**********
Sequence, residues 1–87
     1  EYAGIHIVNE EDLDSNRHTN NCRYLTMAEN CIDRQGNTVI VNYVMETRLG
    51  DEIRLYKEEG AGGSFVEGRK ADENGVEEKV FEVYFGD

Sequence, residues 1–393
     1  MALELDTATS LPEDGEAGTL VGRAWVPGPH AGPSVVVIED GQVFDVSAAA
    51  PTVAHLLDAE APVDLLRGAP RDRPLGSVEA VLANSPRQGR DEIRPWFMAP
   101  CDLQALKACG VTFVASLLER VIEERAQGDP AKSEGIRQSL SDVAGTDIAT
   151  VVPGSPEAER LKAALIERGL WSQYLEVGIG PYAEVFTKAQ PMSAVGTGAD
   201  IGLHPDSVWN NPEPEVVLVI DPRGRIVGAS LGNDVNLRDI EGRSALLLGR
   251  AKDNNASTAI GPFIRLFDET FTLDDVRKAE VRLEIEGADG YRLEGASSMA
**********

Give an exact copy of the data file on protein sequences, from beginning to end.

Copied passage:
Sequence, residues 1–87
     1  EYAGIHIVNE EDLDSNRHTN NCRYLTMAEN CIDRQGNTVI VNYVMETRLG
    51  DEIRLYKEEG AGGSFVEGRK ADENGVEEKV FEVYFGD

Sequence, residues 1–393
     1  MALELDTATS LPEDGEAGTL VGRAWVPGPH AGPSVVVIED GQVFDVSAAA
    51  PTVAHLLDAE APVDLLRGAP RDRPLGSVEA VLANSPRQGR DEIRPWFMAP
   101  CDLQALKACG VTFVASLLER VIEERAQGDP AKSEGIRQSL SDVAGTDIAT
   151  VVPGSPEAER LKAALIERGL WSQYLEVGIG PYAEVFTKAQ PMSAVGTGAD
   201  IGLHPDSVWN NPEPEVVLVI DPRGRIVGAS LGNDVNLRDI EGRSALLLGR
   251  AKDNNASTAI GPFIRLFDET FTLDDVRKAE VRLEIEGADG YRLEGASSMA